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White students brought confederate flag to school, but Black students suspended over protest

Black student organizers alleged that only they were targeted from the protesters, letting their White peers go.

White students brought confederate flag to school, but Black students suspended over protest
Image source: YouTube screenshot/CBS 46 Atlanta

Trigger warning: This story contains themes of race-motivated violence that some readers may find distressing

A group of White students at a Georgia high school brought a Confederate flag to school and the video of them waving the flag on campus sparked outrage among many other students. As the students planned a protest, the administrators cracked down on them, but let the students who brought the Confederate flag go unpunished in spite of video evidence. The school suspended the Black organizers of the planned protest. The incident happened at Coosa High School in Rome, Georgia, reported Newsweek. The video showed four students carrying the flag during a 'farm day'-themed school spirit day and allegedly chanted racial slurs.  


The four students didn't face any repercussions whatsoever, spurring African-American students to organize a demonstration against the act and the act going unchecked. Many students including African-American, Latinx students, and White students came together to condemn the act and called it racist. The four students had also used racial slurs against Black students in the video. "I feel the Confederate flag should not be flown at all. It is a racist symbol and it makes me feel disrespected," said Jaylynn Murray, a student organizer, reported WGCL-TV. Another student organizer, Deziya Fain, pointed out the hypocrisy of the school by stating that they had issues with students wearing "Black Lives Matter" apparel but didn't have any issue with students flying the confederate flag, a symbol of the confederacy that caused the Civil War. The students had planned to hold a silent protest on October 8, by wearing Black Lives Matter shirts. The organizers of the protest said racism was an ongoing issue at the school.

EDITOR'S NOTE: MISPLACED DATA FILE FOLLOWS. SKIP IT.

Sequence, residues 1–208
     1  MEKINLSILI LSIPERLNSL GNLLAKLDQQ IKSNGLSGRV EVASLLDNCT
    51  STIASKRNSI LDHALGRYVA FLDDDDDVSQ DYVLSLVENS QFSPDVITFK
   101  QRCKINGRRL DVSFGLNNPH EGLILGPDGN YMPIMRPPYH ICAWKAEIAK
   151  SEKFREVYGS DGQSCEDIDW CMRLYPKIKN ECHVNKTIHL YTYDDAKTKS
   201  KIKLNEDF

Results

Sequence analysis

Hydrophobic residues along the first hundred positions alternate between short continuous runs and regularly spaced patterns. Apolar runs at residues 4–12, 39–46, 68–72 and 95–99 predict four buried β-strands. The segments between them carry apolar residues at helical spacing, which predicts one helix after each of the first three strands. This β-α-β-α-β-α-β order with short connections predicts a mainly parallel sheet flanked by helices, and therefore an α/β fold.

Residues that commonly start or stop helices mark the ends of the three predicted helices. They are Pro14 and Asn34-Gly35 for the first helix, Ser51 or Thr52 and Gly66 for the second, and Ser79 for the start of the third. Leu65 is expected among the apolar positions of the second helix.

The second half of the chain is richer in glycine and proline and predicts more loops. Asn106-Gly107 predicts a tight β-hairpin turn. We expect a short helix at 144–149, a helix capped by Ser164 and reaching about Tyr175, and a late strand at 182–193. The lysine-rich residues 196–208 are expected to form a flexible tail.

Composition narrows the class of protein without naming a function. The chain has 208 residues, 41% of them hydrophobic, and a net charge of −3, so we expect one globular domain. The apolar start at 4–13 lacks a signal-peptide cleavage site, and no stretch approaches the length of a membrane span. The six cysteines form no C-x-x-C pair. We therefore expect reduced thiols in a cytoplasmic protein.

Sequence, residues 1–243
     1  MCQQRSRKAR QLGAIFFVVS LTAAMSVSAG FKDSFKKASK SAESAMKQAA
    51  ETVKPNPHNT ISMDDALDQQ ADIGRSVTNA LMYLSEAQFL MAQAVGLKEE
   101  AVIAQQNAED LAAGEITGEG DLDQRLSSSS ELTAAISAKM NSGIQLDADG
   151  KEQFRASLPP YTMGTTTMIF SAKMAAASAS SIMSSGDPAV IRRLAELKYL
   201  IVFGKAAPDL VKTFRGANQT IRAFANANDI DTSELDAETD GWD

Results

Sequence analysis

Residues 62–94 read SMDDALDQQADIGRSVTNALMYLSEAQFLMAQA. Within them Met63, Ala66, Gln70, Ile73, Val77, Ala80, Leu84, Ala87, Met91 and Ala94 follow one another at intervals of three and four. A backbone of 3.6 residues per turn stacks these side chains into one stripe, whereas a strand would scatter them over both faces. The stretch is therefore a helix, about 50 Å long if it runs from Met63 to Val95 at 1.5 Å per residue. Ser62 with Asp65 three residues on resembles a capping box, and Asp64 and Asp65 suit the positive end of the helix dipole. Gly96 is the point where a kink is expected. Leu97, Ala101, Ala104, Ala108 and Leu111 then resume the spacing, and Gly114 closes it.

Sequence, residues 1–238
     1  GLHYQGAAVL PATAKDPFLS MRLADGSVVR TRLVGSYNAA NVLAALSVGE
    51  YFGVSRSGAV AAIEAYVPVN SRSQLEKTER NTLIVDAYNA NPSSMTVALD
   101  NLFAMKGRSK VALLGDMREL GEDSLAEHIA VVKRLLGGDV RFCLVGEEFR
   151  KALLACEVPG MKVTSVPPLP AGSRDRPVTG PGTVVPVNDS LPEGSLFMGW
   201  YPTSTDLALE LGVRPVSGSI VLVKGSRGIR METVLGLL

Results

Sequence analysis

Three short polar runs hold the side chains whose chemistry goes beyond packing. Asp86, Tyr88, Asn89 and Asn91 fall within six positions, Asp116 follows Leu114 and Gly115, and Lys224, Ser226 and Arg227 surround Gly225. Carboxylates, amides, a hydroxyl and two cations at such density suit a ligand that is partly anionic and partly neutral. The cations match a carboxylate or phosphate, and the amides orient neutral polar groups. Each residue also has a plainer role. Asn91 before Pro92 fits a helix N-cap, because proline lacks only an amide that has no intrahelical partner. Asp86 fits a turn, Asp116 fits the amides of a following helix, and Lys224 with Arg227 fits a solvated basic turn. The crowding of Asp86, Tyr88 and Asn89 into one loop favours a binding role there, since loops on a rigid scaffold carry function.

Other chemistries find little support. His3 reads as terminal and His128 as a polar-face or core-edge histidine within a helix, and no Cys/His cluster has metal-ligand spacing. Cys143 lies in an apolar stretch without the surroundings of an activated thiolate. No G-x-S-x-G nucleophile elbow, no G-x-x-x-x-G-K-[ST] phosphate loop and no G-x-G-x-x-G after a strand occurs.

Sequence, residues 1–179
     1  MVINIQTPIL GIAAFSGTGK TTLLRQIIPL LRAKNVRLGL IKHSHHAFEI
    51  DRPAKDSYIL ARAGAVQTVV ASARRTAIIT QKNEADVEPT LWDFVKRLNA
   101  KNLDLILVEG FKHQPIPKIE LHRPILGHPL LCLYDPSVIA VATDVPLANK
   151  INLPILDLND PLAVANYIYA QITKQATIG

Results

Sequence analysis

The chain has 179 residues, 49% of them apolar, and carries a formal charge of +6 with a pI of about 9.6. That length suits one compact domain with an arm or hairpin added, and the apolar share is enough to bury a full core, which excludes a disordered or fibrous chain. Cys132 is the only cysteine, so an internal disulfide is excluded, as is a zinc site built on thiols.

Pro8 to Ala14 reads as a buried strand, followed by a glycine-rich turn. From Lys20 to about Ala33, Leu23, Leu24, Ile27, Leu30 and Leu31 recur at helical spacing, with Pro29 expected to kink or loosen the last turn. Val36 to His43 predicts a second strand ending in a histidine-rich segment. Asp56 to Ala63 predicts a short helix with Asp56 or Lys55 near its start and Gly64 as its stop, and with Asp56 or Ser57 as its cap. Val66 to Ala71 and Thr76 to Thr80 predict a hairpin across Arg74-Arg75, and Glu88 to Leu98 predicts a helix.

According to the Anti-Defamation League, an organization that tracks hate speech and bigotry, "the flag served as a potent symbol of slavery and white supremacy, which has caused it to be very popular among white supremacists in the 20th and 21st centuries. This popularity extends to white supremacists beyond the borders of the United States." The ADL recognizes the Confederate flag as a symbol of hate.


As soon the administration came to know of the planned protest, they hauled up the organizers to warn them. At the school's office, they were told they couldn't protest. The student argued and questioned the administrations on not disciplining the students for carrying a confederate flag on campus. Later in the day, the school made an official announcement via the intercom, warning against the protest. "The administration is aware of tomorrow's planned protest," said the school official in a message, that was recorded. "Police will be present here at school and if students insist on encouraging this kind of activity they will be disciplined for encouraging unrest."



The Black student organizers also stated that the school had suspended them while letting their white and Latinx peers go without being disciplined. A White student who was part of the protests confirmed the accusation saying the school didn't suspend her. "We both disrupted all the eighth-grade classes," said Lilyan Huckaby. While students alleged the school had taken no action against the students who waved the confederate flag, Floyd County Schools had claimed that disciplinary action had been taken but refused to elaborate on how they were punished. The Rome-Floyd County NAACP chapter had written a letter to the school earlier requesting them to address racially motivated harassment in the district. Rome-Floyd County NAACP chapter had also planned to meet with parents of Coosa High School to discuss the recent complaints of racism in the district. "We want to hear the concerns of the parents," said president Sara Dahlice Malone. "We've received so many telephone calls we need to hear it from them. Then we'll follow up on those complaints."

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